ST. PAUL, MN – Minnesotans continue to look for economic indicators suggesting better times are ahead. Monthly, we are inundated with unemployment numbers, average wage growth, or stock market valuation; however, one number frequently ignored is the number of children who are neglected and abused each year in Minnesota.
In the recent Minnesota’s Child Welfare Report 2014, for children 0–17 years of age, 25,968 children were alleged victims of maltreatment. More surprising is that 77% of these children were maltreated at the hands of a biological parent. Research indicates children suffering abuse and neglect underperform academically, move in and out of the juvenile justice system, and often struggle to obtain a high school diploma. More importantly, these children are stripped of reaching their full potential, often before entering kindergarten.
For the last three years, I have advocated for these children by co-chairing the Child Protection Task Force, offered and passed legislation for early education scholarships targeted at children who deserve equal education, and offered legislation to attract more social workers to Greater Minnesota. But, there is still much work to be done.
In the upcoming legislative session, I will be offering improvements to the foster care system to help children in out-of-home placement as well as attracting and fairly compensating foster care parents—who, by the way, are the most giving and compassionate people I meet. I am also working to improve our rural Minnesota job climate so that families can find jobs, and I want to help more families off government assistance with a future of prosperity and purpose, not despair and hardship.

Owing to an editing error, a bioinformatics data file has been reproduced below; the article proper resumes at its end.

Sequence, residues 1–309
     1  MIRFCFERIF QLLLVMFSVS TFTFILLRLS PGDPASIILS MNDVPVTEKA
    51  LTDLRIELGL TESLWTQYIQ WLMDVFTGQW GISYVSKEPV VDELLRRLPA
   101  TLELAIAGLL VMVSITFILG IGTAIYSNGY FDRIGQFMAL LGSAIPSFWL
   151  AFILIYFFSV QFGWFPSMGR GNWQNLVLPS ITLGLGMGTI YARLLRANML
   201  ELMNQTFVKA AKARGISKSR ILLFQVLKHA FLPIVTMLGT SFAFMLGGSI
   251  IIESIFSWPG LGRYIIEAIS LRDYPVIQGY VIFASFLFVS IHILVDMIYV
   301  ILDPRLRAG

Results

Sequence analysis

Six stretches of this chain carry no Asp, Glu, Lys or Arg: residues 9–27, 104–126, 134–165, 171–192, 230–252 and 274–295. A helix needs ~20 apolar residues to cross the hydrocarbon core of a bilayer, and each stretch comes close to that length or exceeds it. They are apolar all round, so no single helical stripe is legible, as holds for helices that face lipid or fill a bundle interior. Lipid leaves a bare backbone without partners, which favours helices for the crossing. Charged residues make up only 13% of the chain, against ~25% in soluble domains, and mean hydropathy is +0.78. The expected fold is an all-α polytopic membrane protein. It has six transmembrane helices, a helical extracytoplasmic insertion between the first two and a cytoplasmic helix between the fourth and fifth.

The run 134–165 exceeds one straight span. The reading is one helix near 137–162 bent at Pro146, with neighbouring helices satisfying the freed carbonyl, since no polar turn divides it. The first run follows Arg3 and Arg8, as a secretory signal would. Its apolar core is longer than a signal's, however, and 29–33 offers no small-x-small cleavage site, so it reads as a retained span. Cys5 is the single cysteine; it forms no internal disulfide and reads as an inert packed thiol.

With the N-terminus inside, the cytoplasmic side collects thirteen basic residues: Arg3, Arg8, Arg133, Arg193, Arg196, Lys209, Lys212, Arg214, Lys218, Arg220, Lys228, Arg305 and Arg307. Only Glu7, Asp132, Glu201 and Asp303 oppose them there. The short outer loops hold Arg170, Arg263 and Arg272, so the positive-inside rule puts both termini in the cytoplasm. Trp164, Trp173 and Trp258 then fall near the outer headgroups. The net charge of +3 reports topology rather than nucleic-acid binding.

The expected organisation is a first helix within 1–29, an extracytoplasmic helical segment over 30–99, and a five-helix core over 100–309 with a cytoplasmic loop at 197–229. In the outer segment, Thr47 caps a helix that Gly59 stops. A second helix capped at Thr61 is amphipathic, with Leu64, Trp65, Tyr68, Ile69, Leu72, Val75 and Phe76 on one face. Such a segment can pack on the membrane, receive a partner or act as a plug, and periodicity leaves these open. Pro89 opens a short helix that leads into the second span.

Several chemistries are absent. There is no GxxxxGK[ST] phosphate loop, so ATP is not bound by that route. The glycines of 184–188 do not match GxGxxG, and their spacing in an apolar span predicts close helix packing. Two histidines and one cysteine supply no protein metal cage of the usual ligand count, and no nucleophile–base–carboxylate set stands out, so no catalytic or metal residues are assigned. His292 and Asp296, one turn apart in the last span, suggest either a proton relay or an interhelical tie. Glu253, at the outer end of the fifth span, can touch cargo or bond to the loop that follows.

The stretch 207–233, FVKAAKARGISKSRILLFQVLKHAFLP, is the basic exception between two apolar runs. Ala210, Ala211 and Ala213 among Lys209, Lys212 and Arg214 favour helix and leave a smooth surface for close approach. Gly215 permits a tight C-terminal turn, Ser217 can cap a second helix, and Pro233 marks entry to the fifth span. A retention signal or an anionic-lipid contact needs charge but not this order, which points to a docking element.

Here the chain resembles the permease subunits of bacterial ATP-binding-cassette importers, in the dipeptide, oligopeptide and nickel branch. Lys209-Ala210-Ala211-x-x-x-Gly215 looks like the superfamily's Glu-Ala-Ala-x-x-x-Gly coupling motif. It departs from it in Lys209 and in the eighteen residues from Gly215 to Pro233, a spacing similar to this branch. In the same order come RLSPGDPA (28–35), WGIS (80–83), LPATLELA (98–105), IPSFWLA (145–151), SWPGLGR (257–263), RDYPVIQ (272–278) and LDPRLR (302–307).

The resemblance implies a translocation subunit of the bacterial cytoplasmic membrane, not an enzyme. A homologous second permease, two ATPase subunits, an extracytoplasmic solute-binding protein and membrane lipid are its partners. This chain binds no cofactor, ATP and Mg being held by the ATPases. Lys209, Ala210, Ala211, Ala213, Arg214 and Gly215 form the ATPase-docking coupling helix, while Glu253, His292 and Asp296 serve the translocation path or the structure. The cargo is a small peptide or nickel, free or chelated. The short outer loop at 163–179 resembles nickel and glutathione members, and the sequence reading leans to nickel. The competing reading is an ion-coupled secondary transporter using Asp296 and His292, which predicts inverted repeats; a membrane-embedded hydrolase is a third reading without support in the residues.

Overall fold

Focusing on children raised in disadvantaged environments is not just the right thing to do; it is also the best economic growth strategy. Research indicates when a large segment of the population is not allowed to reach their full potential there is a substantial economic loss. Every child deserves the right to become a strong citizen who raises a family, attends church, starts a business, or becomes an effective employee. However, when children are abused and neglected at an early age their opportunity is diminished.
Moreover, this is not an issue divided between political parties, and it is an issue that needs our attention. So the next time economic numbers and prosperity is offered, let’s make sure that prosperity is experienced by all of our children and brightens their future.